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3rd Quarter 2017

Tax Guide for Freelance Income

Doing some freelance or consulting work on the side can be a great way to supplement your income. Even if you have a stable income and benefits from a full-time employer, joining the gig economy in your extra time can pay off handsomely. But you'll need to learn about special tax issues for freelancers to cash in on extra benefits.

Report your freelance income and deduct your expenses. Uncle Sam expects to hear about your freelance income when you file your tax return, but you'll be able to hold down the tax bill on that income by deducting a lot of expenses, including the cost of business-related equipment, supplies, advertising, phone line, mailings, and travel. You'll need to submit Schedule C when you file your tax return next spring, or you can use the shorter Schedule C-EZ form if you have business expenses of $5,000 or less, have no employees, and have no home office deduction. See the Small Business and Self-Employed Tax Center at www.irs.gov/businesses/small-businesses-self-employed for more information.

Understand the home office deduction. If you use an area in your home "exclusively and regularly" for business, you may be able to deduct your home office expenses. Your home office must be your principal place of business or a place where you meet regularly with clients, and you must not do anything else in that area. If you qualify, there are two ways to figure the size of your write-off. The "simplified method" gives you a deduction of $5 per square foot for the portion of your home you use for business (up to 300 square feet, yielding a maximum deduction of $1,500). Or you can deduct a percentage of your actual expenses of running your home, based on the portion of your home you use for your office, if that gives you a bigger tax break. If your home office is one-tenth of your home, for example, then you can deduct 10 percent of your rent or claim a depreciation allowance based on 10 percent the value of your home (not including the land). Add in 10 percent of the cost of electricity, water, gas, and other utilities, as well as that portion of your real estate taxes and homeowners or renters insurance premiums. You can also deduct the full cost of any eligible expenses specifically for your home office, such as the cost of furniture, equipment, painting or repairs to that room. Keep receipts for all of those expenses. You can calculate the deduction using IRS Form 8829, Expenses for Business Use of Your Home at www.irs.gov. For more information, see IRS Publication 587 Business Use of Your Home.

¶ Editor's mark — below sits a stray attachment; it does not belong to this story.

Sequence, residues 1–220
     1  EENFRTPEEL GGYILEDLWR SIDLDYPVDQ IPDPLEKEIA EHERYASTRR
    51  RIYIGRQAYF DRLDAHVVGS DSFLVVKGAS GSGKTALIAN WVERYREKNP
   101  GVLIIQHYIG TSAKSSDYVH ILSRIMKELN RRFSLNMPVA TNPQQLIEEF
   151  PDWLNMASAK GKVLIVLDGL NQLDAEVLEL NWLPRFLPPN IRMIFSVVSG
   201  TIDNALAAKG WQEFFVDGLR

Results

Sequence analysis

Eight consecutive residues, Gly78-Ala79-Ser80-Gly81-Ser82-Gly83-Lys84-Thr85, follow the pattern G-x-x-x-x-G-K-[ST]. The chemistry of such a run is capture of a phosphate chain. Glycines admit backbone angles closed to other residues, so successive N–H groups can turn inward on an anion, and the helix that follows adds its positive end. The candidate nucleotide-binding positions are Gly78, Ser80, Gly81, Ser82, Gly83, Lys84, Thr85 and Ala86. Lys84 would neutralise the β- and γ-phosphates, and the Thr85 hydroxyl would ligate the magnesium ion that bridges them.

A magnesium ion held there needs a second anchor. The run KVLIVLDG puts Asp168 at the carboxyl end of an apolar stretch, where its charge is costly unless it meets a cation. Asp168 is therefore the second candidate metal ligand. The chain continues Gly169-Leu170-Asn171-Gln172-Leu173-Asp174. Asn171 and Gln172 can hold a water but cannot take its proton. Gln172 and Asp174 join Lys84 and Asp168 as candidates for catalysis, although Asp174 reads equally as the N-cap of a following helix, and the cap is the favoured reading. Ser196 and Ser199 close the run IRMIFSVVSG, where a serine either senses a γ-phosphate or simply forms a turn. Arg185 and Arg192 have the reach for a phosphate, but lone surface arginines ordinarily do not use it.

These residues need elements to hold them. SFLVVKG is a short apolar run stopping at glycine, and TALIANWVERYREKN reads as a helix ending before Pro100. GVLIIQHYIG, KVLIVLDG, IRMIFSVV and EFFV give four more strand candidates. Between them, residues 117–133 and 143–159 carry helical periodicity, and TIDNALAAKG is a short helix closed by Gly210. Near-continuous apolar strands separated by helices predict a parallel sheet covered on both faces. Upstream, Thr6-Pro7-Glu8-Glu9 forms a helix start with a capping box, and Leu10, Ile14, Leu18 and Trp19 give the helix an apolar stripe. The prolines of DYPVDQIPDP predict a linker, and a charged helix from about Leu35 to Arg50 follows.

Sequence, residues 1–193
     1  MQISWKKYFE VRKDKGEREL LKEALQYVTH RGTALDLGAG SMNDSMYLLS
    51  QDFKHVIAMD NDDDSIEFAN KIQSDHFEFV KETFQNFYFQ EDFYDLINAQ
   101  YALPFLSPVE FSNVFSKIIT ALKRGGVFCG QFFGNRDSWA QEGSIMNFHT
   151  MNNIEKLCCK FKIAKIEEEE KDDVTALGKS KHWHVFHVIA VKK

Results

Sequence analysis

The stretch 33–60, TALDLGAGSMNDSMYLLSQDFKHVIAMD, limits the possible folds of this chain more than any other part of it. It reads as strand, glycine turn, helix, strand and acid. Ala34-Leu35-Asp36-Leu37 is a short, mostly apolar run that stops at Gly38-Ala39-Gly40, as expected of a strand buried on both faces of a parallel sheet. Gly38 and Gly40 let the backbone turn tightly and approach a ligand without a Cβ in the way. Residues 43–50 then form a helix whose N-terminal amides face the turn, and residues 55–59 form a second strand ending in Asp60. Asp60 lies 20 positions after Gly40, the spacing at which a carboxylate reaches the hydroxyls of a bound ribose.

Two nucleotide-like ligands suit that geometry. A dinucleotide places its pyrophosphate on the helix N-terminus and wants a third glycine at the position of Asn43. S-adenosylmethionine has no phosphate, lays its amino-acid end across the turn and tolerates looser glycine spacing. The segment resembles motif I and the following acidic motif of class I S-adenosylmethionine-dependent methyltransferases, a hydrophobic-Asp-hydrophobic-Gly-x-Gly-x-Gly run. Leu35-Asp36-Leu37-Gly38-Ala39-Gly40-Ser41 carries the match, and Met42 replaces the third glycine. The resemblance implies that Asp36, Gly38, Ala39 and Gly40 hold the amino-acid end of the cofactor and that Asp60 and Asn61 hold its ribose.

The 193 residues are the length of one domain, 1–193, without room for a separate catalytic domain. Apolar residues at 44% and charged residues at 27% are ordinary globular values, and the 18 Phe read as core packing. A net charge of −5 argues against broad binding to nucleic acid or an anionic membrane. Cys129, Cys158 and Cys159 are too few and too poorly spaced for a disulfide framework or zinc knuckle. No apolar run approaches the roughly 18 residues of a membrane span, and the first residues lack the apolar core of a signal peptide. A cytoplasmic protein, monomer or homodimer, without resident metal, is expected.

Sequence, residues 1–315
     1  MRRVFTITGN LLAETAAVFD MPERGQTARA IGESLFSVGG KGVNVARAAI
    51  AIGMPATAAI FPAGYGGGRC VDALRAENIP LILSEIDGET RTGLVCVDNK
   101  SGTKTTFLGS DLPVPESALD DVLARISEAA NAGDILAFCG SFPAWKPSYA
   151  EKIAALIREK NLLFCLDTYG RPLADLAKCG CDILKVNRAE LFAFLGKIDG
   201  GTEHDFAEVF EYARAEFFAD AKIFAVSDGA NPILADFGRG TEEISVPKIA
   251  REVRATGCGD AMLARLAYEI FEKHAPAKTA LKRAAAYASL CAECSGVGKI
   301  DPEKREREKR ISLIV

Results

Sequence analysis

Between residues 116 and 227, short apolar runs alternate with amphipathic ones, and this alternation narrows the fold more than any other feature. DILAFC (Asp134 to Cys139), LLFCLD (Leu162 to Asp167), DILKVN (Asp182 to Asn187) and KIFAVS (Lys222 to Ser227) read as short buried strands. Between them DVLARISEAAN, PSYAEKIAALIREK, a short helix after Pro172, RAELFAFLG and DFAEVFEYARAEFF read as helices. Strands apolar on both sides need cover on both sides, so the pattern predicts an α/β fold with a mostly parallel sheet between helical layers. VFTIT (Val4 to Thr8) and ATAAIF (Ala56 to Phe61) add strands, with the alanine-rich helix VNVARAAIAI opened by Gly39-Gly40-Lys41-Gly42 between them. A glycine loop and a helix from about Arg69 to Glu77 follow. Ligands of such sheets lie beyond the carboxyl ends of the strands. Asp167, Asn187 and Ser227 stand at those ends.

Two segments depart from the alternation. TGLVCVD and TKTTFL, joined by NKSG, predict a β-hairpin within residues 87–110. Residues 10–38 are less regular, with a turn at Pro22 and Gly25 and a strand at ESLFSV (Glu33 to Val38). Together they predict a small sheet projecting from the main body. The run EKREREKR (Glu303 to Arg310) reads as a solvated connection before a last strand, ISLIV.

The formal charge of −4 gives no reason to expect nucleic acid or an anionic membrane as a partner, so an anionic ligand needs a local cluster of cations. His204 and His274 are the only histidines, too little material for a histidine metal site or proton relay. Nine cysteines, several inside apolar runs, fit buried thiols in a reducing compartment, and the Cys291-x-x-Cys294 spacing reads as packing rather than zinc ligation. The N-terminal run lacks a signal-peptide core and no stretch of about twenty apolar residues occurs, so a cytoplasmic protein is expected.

Take advantage of tax-deductible small-business retirement plans. Once you generate self-employment income, you can make tax-deductible contributions to a Simplified Employer Pension or a solo 401(k) plan. Your contribution limit is based on the amount of your earnings. Contributions are tax-deductible and the money grows tax-deferred until withdrawn in retirement. See the IRS's Small Business Retirement Plan Resources for more information.

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